Domestically, GoldenEye proved to have strong legs in its second weekend, taking in an impressive $26.2 million over the five-day holiday weekend for an outstanding total domestic gross to date of $57.2 million. In only its first ten days of release, GoldenEye has rocketed past the total domestic gross of each of the last three James Bond outings: Licence to Kill ($34.6 million); The Living Daylights ($51.2 million); and A View to a Kill ($50.3 million).`
GoldenEye debuted in the United States last weekend to $26,205,007, giving it the highest opening of any of the previous Bond films and the biggest opening in MGM/UA history.
In making the announcement, Gleason said, "We are delighted with the film's success on both sides of the Atlantic. GoldenEye has once again put the James Bond films into the record books and has proven a worthy addition to the most successful film franchise in history."
HOLLYWOOD (Variety/ Dec. 5, 1995) - GoldenEye, the 17th James Bond film, is likely to be the first to gross more than $100 million in the domestic marketplace. After three weeks, the first Pierce Brosnan 007 has an estimated U.S. box office gross of $70.1 million, surpassing the record of $67.9 million grossed by 1983's Octopussy.
Still, the current adventure in Bondage has a long way to go to reach the heights of popularity the series enjoyed in the mid-1960s. Goldfinger, the third in the series, was a major holiday release in 1964 and skyrocketed to become the seventh biggest all-time grosser. The following Christmas, Thunderball did even better, winding up with a $63.6 million box office or close to 75 million admissions. At today's average ticket price, that would be the equivalent of almost $330 million.GoldenEye has already attracted roughly 14 million patrons; once it hits $100 million, it will have sold more tickets in North America than the one George Lazenby effort, On Her Majesty's Secret Service, and almost as many as the two Timothy Dalton Bonds (The Living Daylights and Licence to Kill) combined.
GoldenEye would have to hit a gross of $120 million to put its admissions ahead of any of the Roger Moore outings.
[See Bond at the Boxoffice]
007 Meets With French Military Officials, Disputes Tests Are "Environmentally Safe"
PARIS, Dec. 1, 1995 /PRNewswire/ -- Greenpeace issued the following:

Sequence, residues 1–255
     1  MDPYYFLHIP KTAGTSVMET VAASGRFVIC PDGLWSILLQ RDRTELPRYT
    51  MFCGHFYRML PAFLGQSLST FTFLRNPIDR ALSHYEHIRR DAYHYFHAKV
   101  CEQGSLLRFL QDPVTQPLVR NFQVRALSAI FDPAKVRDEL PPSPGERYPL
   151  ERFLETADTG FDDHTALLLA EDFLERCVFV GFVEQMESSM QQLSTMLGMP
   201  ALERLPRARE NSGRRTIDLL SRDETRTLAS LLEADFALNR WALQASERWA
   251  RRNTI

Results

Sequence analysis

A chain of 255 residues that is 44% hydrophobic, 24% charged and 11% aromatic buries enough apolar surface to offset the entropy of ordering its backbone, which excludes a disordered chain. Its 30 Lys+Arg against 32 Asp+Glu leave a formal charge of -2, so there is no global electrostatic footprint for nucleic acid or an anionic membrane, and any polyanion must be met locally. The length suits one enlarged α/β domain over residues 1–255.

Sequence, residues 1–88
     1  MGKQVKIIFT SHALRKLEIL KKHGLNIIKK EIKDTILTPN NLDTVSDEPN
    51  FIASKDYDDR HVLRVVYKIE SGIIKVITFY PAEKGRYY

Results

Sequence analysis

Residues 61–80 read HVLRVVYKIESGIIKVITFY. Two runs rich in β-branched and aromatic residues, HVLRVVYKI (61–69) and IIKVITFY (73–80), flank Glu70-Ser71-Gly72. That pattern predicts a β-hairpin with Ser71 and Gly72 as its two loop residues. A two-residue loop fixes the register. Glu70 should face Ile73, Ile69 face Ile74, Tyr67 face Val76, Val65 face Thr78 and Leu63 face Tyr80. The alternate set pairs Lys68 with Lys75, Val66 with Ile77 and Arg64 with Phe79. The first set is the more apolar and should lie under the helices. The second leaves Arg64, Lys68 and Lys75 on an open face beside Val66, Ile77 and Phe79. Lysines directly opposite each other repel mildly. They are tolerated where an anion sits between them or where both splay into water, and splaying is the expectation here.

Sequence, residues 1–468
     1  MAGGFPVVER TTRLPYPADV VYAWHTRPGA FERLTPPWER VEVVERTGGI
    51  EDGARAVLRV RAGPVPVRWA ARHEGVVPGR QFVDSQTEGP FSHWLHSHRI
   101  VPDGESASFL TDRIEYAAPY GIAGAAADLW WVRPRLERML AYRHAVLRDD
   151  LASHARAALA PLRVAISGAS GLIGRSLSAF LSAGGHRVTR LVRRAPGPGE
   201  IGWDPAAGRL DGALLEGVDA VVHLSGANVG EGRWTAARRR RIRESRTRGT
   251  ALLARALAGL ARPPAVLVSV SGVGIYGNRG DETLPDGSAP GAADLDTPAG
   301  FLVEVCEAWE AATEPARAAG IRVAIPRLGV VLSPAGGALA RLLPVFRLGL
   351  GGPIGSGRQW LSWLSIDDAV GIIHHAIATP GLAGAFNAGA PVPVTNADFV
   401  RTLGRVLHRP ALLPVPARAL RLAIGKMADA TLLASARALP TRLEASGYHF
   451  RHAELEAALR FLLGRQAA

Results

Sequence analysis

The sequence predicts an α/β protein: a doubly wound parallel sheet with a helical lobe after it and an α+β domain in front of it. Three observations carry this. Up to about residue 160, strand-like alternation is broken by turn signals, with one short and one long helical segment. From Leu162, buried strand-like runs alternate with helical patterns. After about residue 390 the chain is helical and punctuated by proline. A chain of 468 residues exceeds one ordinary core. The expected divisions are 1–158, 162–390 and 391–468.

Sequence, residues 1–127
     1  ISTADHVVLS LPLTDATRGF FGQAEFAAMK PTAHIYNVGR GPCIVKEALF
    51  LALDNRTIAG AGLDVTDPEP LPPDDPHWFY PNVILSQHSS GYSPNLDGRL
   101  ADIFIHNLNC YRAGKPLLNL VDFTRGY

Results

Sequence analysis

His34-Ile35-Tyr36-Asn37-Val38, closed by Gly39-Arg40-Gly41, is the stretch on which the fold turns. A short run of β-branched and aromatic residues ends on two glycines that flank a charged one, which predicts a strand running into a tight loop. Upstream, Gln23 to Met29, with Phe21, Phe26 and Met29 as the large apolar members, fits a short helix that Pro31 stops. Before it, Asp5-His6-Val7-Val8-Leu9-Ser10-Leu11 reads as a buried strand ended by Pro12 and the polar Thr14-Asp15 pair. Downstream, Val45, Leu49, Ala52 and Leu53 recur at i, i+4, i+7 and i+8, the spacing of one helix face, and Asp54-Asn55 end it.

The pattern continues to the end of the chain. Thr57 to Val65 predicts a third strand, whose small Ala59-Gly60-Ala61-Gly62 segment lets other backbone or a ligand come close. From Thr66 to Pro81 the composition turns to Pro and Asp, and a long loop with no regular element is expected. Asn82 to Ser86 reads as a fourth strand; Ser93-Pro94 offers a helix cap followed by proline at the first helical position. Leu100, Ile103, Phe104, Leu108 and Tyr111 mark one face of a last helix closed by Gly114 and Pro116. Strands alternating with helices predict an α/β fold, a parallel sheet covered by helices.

Taking cues from James Bond and his international exploits, last night Pierce Brosnan boycotted the French premiere of his new film GoldenEye, and forced its cancellation, to support Greenpeace in its continued protests against French nuclear testing in the South Pacific.
This morning Mr. Brosnan met with French military officials in Paris and disputed their claims that the French nuclear testing program has not caused any damage to the environment. Mr. Brosnan's boycott of the French premiere of GoldenEye was particularly galling to the French military as they provided a French frigate and an advanced military helicopter for use in the blockbuster film.
"Unlike the rogue Russian general in GoldenEye, Jacques Chirac's threat to world peace is anything but fiction," said Greenpeace US Executive Director Barbara Dudley. "We are very grateful that Mr. Brosnan has taken this opportunity to join Greenpeace in telling Mr. Chirac to end his insane nuclear testing program once and for all."
Mr. Brosnan is the most recent celebrity to publicly back Greenpeace's worldwide campaign against nuclear testing. Others include: Madonna, U2, REM, Johnny Depp, Naomi Campbell, Kate Moss, Lauren Hutton, Agnes B, Helena Christensen, Bryan Adams, Carlos Santana, Tom Petty, Iggy Pop, the Red Hot Chili Peppers, Bon Jovi, Chrissie Hynde, Robert Plant, and Jimmy Page.
Despite widespread international condemnation, including a recent U.N. Resolution calling for an "immediate cessation of all nuclear testing," Jacques Chirac has detonated four nuclear bombs on fragile coral atolls in the South Pacific. Each bomb has been greater than the size of the bomb that leveled Hiroshima.
Over 60% of the French public, and 158 countries, have condemned the tests. Greenpeace has collected more than seven million signatures petitioning Jacques Chirac to immediately halt the tests. Since 1971 when Greenpeace first set sail to protest U.S. nuclear weapons tests in Alaska, the organization has actively demonstrated the importance of saving the planet for future generations.
PARIS (Reuter)/ December 2, 1995 - Red-faced French defense officials quietly dropped plans for a gala premiere of the new James Bond film GoldenEye after finding that its star was an outspoken foe of nuclear testing, the daily Le Monde said Saturday.
The French Navy had cooperated extensively with the producers of the blockbuster film, lending them the frigate La Fayette and its newest attack helicopter, the Tigre (Tiger), to help assure the ultimate in high-tech thrills. Permission was even given for the Navy and Defense Ministry logos to appear on the film's promotional material.
Then, officials discovered that the film's star, Pierce Brosnan, was an admirer of the environmental group Greenpeace, which has spearheaded worldwide protest against France's controversial nuclear testing program.